Amazingly, Mandy even tries in the same post to justify the (implicitly admitted) loud silence of the Muslim leadership, including the religious leadership, as being due to the “media [being] about selling.” So the fault is with the media and its crass profit motive! It is not with the Muslim leadership and their shared understanding of their religion and unifying values, Heaven forbid (here again as so often implied about Middle Eastern problems, Muslims are ever the passive victims of Western society, merely reflexive involuntary actors and never responsible for their own lives). Our (apparently too capitalist?) media evidently (but Mandy offers no evidence) simply refuses to publish statements from Muslim leaders. These no doubt numerous unpublished statements would certainly condemn antisemitism and terrorist atrocities against Israelis by Palestinians and other Muslims, and would praise Judaism, Jews, and Zionism. Are we also to blame the insufficiently leftist media for the absence of out-reach by Muslim religious leaders to Jews in inter-faith dialogue and reconciliation? Sorry, Mandy, that one just does not fly. In fact, if there were any such efforts at outreach from the Muslim religious leaders, the media would rush to report it both because of its soothing implications for Australians as a whole and because it is the highly “sellable” and interest-arousing news category of “man bites dog,” i.e., a (sales-boosting) news scoop on something hitherto quite unexpected and exceptional.

    Larry presents several more explanations for Muslim immigrant radicalisation in later generations, in his post of 7:59 am. They seem no more well supported than his other assertions already dealt with by me have been, merely wishful and often merely anecdotal personal views. E.g., his dismissal of the Max Brenner demonstrations as involving a handful of Islamists and anti-Zionist leftist fellow-travellers ignores that this not only follows all sorts of other failed attempts at such political, business and academic (student and faculty activist) BDS agitation here in Australia from the same groups, but is only too likely to be followed by more BDS agitation in the future, vigorously supported by the Palestinian and Muslim community leaders, and with no visible attempt by Muslim religious authorities to dissociate themselves and Islam itself from them. The bottom line is that Jewish businesses are threatened already here in Australia by these groups and will be for the foreseeable future. We can be very glad that there is uniform and high-level bipartisan political support against such basically antisemitic activities. But will this remain the case as Muslim communities get bigger, and the leftist media like The Age/SMH//Guardian newspapers, and politicians resembling Ken Livingston and George Calloway in England, emerge here in Australia to pander to them?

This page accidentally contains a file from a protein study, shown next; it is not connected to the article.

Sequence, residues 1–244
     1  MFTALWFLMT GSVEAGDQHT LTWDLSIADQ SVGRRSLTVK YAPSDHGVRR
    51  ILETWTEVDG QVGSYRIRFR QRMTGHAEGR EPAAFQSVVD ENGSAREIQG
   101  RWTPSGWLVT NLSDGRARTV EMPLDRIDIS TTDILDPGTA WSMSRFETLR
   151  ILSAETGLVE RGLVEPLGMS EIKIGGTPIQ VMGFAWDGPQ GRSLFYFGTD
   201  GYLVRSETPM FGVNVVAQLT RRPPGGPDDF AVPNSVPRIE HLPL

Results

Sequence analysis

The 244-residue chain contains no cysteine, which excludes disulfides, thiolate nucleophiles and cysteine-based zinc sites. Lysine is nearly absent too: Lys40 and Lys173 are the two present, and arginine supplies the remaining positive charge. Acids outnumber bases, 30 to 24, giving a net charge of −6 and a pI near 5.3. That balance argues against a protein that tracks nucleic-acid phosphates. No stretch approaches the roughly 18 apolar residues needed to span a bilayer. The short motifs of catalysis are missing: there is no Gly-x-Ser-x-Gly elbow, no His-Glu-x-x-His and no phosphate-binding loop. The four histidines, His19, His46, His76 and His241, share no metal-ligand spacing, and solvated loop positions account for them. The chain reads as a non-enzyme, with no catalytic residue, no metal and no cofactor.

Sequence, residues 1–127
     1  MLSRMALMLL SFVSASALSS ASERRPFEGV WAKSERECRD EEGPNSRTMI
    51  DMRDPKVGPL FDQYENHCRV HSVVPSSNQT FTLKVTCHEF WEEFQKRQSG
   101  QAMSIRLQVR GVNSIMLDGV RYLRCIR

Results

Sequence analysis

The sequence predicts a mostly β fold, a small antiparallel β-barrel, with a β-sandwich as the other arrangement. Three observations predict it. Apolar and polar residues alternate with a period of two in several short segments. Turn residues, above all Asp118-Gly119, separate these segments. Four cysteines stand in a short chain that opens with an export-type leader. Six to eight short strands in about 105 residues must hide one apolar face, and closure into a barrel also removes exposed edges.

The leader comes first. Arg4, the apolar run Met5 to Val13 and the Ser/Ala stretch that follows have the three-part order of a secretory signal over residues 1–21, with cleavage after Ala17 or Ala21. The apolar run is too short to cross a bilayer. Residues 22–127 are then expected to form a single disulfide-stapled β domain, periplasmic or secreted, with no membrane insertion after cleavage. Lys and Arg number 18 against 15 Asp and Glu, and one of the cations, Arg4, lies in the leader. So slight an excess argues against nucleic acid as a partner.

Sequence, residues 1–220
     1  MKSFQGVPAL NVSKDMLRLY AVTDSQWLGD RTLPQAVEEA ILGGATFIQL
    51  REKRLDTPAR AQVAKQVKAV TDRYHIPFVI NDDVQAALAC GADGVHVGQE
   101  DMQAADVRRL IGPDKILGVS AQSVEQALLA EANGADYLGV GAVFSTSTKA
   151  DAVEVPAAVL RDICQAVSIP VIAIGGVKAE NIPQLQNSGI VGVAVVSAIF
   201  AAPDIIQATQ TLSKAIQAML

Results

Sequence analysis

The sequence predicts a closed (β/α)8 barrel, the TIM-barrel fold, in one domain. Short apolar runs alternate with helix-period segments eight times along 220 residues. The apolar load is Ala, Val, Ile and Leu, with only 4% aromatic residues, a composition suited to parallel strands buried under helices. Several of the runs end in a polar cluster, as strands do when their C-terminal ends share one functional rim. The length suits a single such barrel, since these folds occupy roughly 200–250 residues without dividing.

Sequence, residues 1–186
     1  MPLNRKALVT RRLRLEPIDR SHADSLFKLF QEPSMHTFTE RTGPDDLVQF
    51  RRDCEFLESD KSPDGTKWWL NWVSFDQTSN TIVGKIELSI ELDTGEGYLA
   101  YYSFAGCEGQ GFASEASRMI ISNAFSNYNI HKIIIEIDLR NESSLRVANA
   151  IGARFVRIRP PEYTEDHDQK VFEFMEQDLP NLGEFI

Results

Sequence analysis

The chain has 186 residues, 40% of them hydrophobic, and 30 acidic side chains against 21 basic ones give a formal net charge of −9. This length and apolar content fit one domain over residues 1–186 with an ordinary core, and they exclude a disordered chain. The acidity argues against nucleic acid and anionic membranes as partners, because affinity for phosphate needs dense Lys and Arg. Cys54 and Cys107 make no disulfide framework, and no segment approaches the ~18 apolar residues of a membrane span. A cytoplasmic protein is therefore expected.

Another explanation offered by Larry in the same post for the radicalisation of second- and third-generation Muslim immigrants in Europe is that this occurs in “very different countries (eg France) that have never embraced multiculturalism and ghettoised cheap labour and so on. This is not the case here.” But Larry, it is also not the case in England, The Netherlands or the Scandinavian countries, whose emphatically multicultural policies however varying in specific details they may be, have also utterly failed to stop the notable radicalisation of native Muslims or the endangerment and even survival of the Jewish communities there. Multiculturalism has been a flop in Europe, most notably and certainly when it comes to the Muslims, and this has been widely recognised and discussed as a big social and political problem there.

    Another explanation is contained in the quote from Larry, just given: the radicalisation of Muslims in Europe, which increases rather than decreases in later generations entirely unlike the history of every other European and Asian immigrant group in Western countries, must be the fault of the environing Western society: they are in ghettos, they have high unemployment, there is discrimination against them and prejudice, etc. Oddly enough, though, discrimination, prejudice, ghettoisation and difficulties in finding work also characterised the treatment of us Jews in Western countries (in the last few generations, and for thousands of years!), and we have not responded with suicide bombers, terrorist atrocities, blowing up trains in Madrid and London in 2004 and 2005, attacking other immigrant groups like French-born Muslims have done to the Jews of France, and so on. Much the same can be said of the Chinese in Australia from the 19th century onwards, the Vietnamese in the past generation, and so on. So the alleged explanations do not explain anything.